Roseburg, Ore.--Because of the increasing success of Oregon’s wild coastal coho population, Oregon Department of Fish and Wildlife is considering opening new opportunities this year to fish for wild coastal coho salmon in Coos and Coquille Rivers and potentially the Tenmile Lakes.
A public meeting will be held July 17 from 7:00 p.m. to 9:00 p.m. at Southwestern Oregon Community College, 1988 Newmark Avenue, Eden Hall Room #1 in Coos Bay. Department staff will present proposals and hear comments from the public regarding expansion of coho salmon fisheries. Topics discussed will include open areas, open seasons and bag limits. Using public testimony, the Director will make a decision to accept under temporary rule or reject the proposed angling changes.
Based on the 2005 Coho Assessment and the more recent State of Oregon Coho Conservation Plan, the Coos, Coquille and Tenmile coho populations are healthy enough to sustain a conservative fishery. “Having a conservative, monitored fishery on these populations is consistent with the Coho Conservation Plan,” says Mike Gray, District Fish Biologist. “The conservation efforts of local watershed councils and private land owners, in conjunction with ODFW staff, have protected and restored habitat for wild coho, bringing the fisheries back.”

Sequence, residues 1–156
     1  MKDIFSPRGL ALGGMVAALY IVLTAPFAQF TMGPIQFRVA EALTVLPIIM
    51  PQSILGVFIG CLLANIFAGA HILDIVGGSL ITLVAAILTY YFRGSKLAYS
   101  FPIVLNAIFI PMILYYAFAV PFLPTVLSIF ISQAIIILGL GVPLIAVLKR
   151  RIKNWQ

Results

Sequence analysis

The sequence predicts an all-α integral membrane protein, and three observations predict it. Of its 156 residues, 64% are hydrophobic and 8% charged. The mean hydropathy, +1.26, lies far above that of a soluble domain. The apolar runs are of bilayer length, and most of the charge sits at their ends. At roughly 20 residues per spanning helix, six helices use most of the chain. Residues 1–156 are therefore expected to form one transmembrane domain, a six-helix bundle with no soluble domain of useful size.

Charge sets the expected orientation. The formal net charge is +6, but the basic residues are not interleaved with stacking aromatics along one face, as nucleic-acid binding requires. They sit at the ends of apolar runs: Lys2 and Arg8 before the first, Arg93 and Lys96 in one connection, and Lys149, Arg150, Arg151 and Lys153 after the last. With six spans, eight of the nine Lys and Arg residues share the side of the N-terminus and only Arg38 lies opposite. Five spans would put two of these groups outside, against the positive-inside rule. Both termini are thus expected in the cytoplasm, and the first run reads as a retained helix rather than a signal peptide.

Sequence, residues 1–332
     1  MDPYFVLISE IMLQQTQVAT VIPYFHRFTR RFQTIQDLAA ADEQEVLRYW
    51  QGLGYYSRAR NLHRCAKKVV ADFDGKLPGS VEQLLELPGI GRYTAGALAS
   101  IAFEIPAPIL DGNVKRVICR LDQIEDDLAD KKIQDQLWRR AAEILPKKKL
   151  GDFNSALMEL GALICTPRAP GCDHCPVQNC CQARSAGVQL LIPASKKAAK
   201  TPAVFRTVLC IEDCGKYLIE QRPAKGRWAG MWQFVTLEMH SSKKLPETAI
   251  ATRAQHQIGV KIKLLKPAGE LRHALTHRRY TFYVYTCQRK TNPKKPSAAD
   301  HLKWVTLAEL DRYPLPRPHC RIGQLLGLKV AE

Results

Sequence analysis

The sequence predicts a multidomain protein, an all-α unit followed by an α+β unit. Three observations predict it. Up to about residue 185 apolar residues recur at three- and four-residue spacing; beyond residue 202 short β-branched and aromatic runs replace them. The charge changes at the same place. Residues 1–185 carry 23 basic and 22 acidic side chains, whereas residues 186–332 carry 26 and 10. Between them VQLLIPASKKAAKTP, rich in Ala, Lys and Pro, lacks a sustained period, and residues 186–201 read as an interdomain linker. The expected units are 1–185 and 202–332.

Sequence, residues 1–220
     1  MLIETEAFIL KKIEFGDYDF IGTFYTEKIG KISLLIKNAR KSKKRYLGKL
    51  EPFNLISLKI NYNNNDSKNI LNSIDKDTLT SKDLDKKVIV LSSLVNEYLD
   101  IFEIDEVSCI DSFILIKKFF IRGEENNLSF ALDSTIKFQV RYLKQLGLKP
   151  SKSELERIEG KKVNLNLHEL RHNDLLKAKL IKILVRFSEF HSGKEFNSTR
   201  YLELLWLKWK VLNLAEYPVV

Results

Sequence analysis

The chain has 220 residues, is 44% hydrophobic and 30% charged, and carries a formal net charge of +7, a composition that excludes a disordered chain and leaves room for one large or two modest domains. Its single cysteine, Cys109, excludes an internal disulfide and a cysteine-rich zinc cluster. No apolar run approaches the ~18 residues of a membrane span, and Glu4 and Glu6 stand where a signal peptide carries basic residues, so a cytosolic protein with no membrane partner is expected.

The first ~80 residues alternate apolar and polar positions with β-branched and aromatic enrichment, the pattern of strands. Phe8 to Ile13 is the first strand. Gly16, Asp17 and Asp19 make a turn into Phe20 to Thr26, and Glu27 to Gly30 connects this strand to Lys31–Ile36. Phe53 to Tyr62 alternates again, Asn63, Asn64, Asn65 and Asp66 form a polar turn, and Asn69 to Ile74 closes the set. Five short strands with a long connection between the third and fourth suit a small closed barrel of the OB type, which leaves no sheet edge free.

The department will look at expanding these coho fisheries in other areas in coming years. “The entire Oregon coast is doing well, but some areas are doing better than others,” says Bob Buckman, District Fish Biologist. “We see opportunities in the future for fisheries in the Yaquina River, Siuslaw River and other mid and north coast basins once they have more consistent strong returns.”